The state board (Sec. 3) is comprised of 11 governor appointed positions, which are confirmed by the senate. By its law, it states (Sec. 3, P2): "The Governor shall appoint eleven directors-- three representatives from the business community, one representative from a consumer or publicly owned electrical utilities, one member from an investor owned utility, one member from the renewable energy industry, one representative who is self employed in agricultural production, one representative from labor, one member from the conservation community, one representative from the Higher Education Board, and one member representing Community Colleges. " As I see it, that's a fairly representative group, with the aside of the 3 representatives from the business community, but countered by the fact that it is 5 representatives from communities that generally favor environmental standards more (2 Higher Ed, 1 Enviro, 1 Farm, 1 Renewable), that over-representation seems more like a balancing act. Further, according to the next paragraph (Sec. 3 P4), it prevents any career politicianing of it.

The next section (Sec. 4) deals more with biofuels expressly, but doesn't trump them over the other renewable forms by any means. It's replacing our current transportation network with biofuels. Nowhere in the initiative itself does it deal with mass transit as replacing our car culture. Though it would be nice to see that, the bill doesn't hurt us any more.

Section 5 deals specifically with renewable energy provided by our current utilities, and is very important, I believe. First, it denies the use of nuclear energy as a renewable source, along with fossil fuels (Sec. 5 P1). In that same paragraph, it denotes to expand research into recycling waste products as energy, even using our factory farms (Eugh) and landfills (Double Eugh) as sources for renewable energy (Sec 5 P1 b, c). It further requires as minimal damage to the environment as possible in these endeavors (Sec. 5 P2), and *requires* that all energy in Oregon is 25% by 2020, stronger even than California's current plan I believe (Sec. 5 P3). They also offer a rebate for people who install PVs on their homes (Sec. 5 P5). Finally, they limit the amount that these utility companies can jack the price for the renewable energy (Sec. 5 P7). It should be noted that this applies to all energy utilities.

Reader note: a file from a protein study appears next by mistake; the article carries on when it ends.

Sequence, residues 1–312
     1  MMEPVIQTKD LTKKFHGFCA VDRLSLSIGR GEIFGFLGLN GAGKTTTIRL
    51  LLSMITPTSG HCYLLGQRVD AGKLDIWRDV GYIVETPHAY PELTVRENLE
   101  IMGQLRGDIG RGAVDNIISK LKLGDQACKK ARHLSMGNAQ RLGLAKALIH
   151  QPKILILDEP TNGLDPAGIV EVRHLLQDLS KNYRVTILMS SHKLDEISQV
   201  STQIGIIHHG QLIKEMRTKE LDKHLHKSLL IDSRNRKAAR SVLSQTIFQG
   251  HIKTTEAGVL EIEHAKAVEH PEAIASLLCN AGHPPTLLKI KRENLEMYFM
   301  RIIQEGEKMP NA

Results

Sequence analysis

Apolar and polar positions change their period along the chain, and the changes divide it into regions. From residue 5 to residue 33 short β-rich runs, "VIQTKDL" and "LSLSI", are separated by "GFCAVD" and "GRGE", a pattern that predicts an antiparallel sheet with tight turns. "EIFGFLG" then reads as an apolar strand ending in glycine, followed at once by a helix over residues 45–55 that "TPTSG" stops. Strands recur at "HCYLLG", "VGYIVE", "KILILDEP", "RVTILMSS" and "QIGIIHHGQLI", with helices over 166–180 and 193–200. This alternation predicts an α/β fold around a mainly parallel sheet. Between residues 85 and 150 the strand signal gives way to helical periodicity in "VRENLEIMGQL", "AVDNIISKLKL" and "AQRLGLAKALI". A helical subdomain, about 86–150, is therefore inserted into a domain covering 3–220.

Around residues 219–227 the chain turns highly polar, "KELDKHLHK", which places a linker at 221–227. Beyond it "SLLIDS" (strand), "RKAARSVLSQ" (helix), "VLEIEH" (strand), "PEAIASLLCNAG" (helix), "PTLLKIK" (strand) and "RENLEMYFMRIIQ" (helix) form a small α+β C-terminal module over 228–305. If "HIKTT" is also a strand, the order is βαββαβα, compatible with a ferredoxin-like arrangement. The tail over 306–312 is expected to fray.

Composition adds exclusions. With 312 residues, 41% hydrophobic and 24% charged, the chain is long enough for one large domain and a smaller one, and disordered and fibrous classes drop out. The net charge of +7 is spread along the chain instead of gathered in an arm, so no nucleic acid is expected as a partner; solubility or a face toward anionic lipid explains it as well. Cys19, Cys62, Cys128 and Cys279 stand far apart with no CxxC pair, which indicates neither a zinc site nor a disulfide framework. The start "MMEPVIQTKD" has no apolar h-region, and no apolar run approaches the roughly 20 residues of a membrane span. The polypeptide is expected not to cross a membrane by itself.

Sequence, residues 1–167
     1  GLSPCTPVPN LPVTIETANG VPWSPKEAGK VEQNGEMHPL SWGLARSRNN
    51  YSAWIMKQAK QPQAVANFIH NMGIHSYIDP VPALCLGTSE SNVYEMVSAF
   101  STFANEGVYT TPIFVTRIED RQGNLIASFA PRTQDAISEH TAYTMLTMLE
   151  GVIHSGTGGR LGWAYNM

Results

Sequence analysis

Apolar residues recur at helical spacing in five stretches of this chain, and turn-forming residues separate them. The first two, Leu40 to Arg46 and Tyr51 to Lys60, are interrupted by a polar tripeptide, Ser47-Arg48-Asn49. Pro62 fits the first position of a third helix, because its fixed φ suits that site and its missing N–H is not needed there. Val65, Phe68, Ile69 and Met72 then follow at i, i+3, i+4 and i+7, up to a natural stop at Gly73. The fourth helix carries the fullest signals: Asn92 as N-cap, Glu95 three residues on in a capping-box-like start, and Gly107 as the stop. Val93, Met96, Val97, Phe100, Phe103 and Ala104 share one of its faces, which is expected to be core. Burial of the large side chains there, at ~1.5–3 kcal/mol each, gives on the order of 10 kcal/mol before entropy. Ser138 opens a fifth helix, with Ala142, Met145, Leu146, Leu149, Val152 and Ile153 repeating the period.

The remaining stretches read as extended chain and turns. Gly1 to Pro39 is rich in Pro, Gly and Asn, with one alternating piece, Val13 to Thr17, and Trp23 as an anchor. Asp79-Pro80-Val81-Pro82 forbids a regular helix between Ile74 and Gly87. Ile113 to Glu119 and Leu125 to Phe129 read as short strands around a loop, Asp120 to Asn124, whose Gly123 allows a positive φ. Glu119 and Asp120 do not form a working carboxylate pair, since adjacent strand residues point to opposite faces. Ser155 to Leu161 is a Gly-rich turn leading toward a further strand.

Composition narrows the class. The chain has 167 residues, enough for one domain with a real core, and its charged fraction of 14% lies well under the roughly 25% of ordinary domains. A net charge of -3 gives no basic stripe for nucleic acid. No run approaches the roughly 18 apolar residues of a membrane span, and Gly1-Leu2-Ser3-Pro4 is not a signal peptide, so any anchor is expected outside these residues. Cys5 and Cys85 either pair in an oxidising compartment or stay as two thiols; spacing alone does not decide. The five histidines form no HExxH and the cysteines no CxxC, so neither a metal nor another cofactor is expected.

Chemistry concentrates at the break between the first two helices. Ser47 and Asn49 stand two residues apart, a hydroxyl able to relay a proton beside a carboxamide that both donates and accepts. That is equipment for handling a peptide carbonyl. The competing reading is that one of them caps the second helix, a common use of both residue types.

All in all, I find this bill to be positive in the extreme. Yes, it doesn't solve all of our problems, but this is our chance to break the ice. You're talking that this thing will be hijacked by corporations for the purpose of expanding biofuels (Not too renewable in the long run), but by the initiative's very language that is rendered impossible. The problems that we can run into are that it is a statutory change, meaning that the legislature can run their grimy hands over it, but that just means we need to kick their asses if they try. Finally, this bill's aim, as described in its mission, is to create an energy indepedent Oregon. That would mean that we would not rely on unsustainable energies for our infrastructure and entire way of life. We can work on it from there, as long as we make this first giant step. To condemn this bill as not doing enough, being the pawn piece of coporate interest is in my opinion invalid and detrimental to the point that we need something like this as a kicking point.

Biofuel Comment 18.Feb.2006 16:34


I just wanted to comment, again. The whole biofuel argument seems really silly. We don't make enough food for ourselves as it is. Have you been to Linn County, the "Grass Seed Capital of the World?" Do you think they're growing food?